Rain in Poult Wood

The donkeys are loitering around the house and being seen through all the windows– kitchen, hall, office, and bedroom– as I clean house.

Finally, the recurring vision of them is too much for me, so I gather my daypack and fill it with writing materials—sling the binoculars over one shoulder and the camera over the other, and I walk out with the donkeys and Skookum.

Though I’m still strolling in sunshine, sooty, menacing clouds fill the aerial landscape behind the house. We will get caught in the rain, but it’s been a month since we’ve had any rain, and I want the drops to hit my fleece jacket and woolen cap.  Rain will transform this dry autumnal day. For the height of summer smells sterile like hot-burning fire. I long to smell earth and leaf litter after so many months of spring’s fresh scents spent.

And, so the rain begins and gathers momentum, and we continue to saunter toward Poult Wood. None of us hurries. The donkeys serenely browse a few steps here, then there.

And Skookum trots soft circles around us.

I stop and take pictures of pumpkin colored leaves dangling against a grey sky, and pause to see the wide-orangey tapestry matt of fallen maple leaves spread out across the slow waters of Kickin’ Mule Creek.

Then we turn right and enter Poult Wood.

The woodland is named for its many lichen-dripping oaks and a few butterscotch-scented Ponderosa Pines packed closely in a block edging the far western section of the farm. Bands of wild turkey browse and cluck and strut amongst the trees, grasses, native grape, and poison oak.  Moreover, Poult Wood is the only place on the farm where I have spied the big silver-gray squirrel.  Somehow it has found a haven here away from the ever-present California Gray Squirrel that lives in great numbers elsewhere on the farm.

Even now,

in this rain,

I recall Poult Wood — the coolest spot on the farm for resting during the impressive heat of a late summer’s afternoon.

And, yes, today it keeps raining. We crowd around a Poult Wood pine, and I soon realize Chippo and Ziggy know which side of the tree is the driest.  Hard drops are still pelting me.  Chippo’s eyelids close, and he seems asleep.  How comfortably he waits for the rain to pass.  Ziggy’s awake—indifferent and also bidding time. Skookum sits patiently.  His coat is a gleaming wet chocolate and for now he trades his high-energy bird-dog persona for contemplation.  Pine scent and butterscotch aromas lull me.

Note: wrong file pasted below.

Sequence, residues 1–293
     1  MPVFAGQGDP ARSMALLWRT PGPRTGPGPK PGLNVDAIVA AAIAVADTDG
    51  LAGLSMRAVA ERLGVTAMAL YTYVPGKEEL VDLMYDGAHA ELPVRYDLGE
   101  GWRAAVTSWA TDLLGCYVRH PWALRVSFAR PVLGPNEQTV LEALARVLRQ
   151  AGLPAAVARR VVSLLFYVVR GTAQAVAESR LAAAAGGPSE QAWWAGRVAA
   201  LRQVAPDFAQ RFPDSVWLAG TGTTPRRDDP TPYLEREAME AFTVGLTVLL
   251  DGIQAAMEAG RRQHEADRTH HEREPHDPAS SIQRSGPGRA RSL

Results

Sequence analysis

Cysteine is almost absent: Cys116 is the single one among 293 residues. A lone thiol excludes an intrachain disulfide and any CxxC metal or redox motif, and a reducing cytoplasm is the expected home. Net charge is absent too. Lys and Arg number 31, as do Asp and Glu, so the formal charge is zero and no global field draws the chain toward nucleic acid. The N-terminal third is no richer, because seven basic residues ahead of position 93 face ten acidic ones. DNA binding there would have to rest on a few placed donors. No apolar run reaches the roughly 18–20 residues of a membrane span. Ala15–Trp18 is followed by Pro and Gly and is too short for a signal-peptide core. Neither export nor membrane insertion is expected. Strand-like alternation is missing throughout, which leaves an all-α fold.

It seems we’re all accepting pausing in a Poult Wood rain.

Entering Poult Wood.
Entering Poult Wood.

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Chippo sleeps through the Poult Wood rain.
Chippo sleeps through the Poult Wood rain.

15 thoughts on “Rain in Poult Wood

  1. What a pleasant, quiet feel to this piece! Love the “pumpkin colored leaves!”
    Poult Wood? Where does this name come from?
    And the first picture looks like snow on the ground. Possible? No, probably not…but lovely photos, also lazy and quiet.

    1. What a pleasant, quiet feel to this piece! Love the “pumpkin colored leaves!”
      Poult Wood? Where does this name come from?
      And the first picture looks like snow on the ground. Possible? No, probably not…but lovely photos, also lazy and quiet.

      Hi Mary — a poult can refer to a young turkey, and the wood often has bands of turkeys grazing and clucking and strutting about. No snow here yet, but I expect it by November 20th or so. Happy Fall to you. 🙂

    1. Lovely, Sher…
      I so wish I could have been on that walk with the four of you.

      Thanks Valerie- We enjoy having friends along. Good to hear from you, and I keep thinking about all the neat things you are getting to explore in the big city. I’m so glad you are there. 🙂

  2. Ohhh, contentment… what a beautifully crafted post, Sher. I am so glad the donks ‘persuaded’ you to go on this walk with them… and to write about it so eloquently. Love the photo of Chippo sleeping. 🙂

    1. Ohhh, contentment… what a beautifully crafted post, Sher. I am so glad the donks ‘persuaded’ you to go on this walk with them… and to write about it so eloquently. Love the photo of Chippo sleeping. 🙂 Hey Reggie — thanks for checking in with us. The donkeys are very persuasive. 🙂 Easy to love and enjoy.

  3. Lovely, Sher ! Thanks for posting…..I can almost smell the new rain. Our donks are in now for the winter – they get to go in a field by day if it’s not too wet. It’s been a wet October but we can’t grumble after such a lovely summer. We too are now slipping slowly into winter, the nights are slightly chilly. We probably won’t get snoe till January though (er… famous last words?). Love to Ziggy and Chippo from us all.

    1. Lovely, Sher ! Thanks for posting…..I can almost smell the new rain. Our donks are in now for the winter – they get to go in a field by day if it’s not too wet. It’s been a wet October but we can’t grumble after such a lovely summer. We too are now slipping slowly into winter, the nights are slightly chilly. We probably won’t get snoe till January though (er… famous last words?). Love to Ziggy and Chippo from us all.
      Hi Sue- Thanks for reading and for your comments too. I am surprised west England gets snow so late? Our heavy snows probably won’t come until February. Like you– we’ll see. Nice to hear from you again. 🙂

    1. Sure enjoy your postings and pictures. Happy Spring! Thank you for sharing.

      Thank you, and happy spring it is. I am busy teaching and Bruce is planting. Hope to see you both soon. Sher

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